You can do a hundred good things at work. And then, something happens, and you feel like a fool. You remember feeling like a fool for years, maybe decades.
At Lands' End in 1995, I selected the best 1.3 million names for a catalog mailing. We were supposed to mail the best million households, and leave 0.3 million as a contingency. I sorted the list in the wrong order, mailing households 0.3 to 1.3 million. Ooops. You know you made a mistake when the catalog is in-home for two days, and is 40% below plan. The merchants, your CEO, and your boss are all very interested in finding out why the catalog is failing. After I found the error, I had to fess-up. Fun stuff. We sent out another 300,000 catalogs to make up the demand --- so my sin only cost my company $150,000 of profit.
A similar problem happened at Nordstrom in 2004. We mailed something like 3 million folks a 124 page catalog, and 3 million folks a prospect catalog, 64 pages --- the best customers were supposed to get the bigger version. Two days after the in-home date, we observed a problem ... the big book is -50% to plan, the smaller book is like 80% over plan. Oh, if you want to see inventory managers get frustrated, go ahead and switch customer lists sometime!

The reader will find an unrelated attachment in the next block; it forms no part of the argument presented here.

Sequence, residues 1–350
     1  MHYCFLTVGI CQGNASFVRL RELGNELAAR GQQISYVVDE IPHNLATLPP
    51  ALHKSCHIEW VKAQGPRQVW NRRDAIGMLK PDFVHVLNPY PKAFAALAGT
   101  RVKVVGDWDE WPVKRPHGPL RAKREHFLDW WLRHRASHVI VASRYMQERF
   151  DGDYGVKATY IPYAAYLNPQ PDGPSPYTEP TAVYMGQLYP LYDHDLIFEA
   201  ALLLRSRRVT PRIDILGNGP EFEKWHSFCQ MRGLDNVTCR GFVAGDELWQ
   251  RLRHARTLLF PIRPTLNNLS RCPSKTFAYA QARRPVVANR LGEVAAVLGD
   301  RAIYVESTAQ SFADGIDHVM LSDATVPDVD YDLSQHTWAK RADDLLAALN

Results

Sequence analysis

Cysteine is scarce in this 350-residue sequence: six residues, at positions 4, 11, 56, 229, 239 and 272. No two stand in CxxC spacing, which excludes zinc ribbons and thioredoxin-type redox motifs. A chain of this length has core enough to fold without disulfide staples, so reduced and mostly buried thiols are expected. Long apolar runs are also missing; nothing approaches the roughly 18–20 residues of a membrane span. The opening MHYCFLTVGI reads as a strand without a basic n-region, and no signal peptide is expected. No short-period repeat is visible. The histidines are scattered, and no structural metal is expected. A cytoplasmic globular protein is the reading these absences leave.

One of my executive team peers told my President that s/he "wanted blood". This person wanted to know the name of the individual working in my department who made the mistake.
I admitted the mistake of my team to our entire direct-to-consumer division and marketing division via e-mail, I apologized. I didn't give up the name of the person to this executive --- I did tell my President and my CMO. You cannot offer enough blood to an executive who thirsts for it.
You find out who is on your side when you make a fool of yourself. And honestly, there's value in that, right?
We all make mistakes. Some are public, some aren't. Today's a good day to think about being more tolerant of the fools who make mistakes.
Helping CEOs Understand How Customers Interact With Advertising, Products, Brands, and Channels
March 31, 2009
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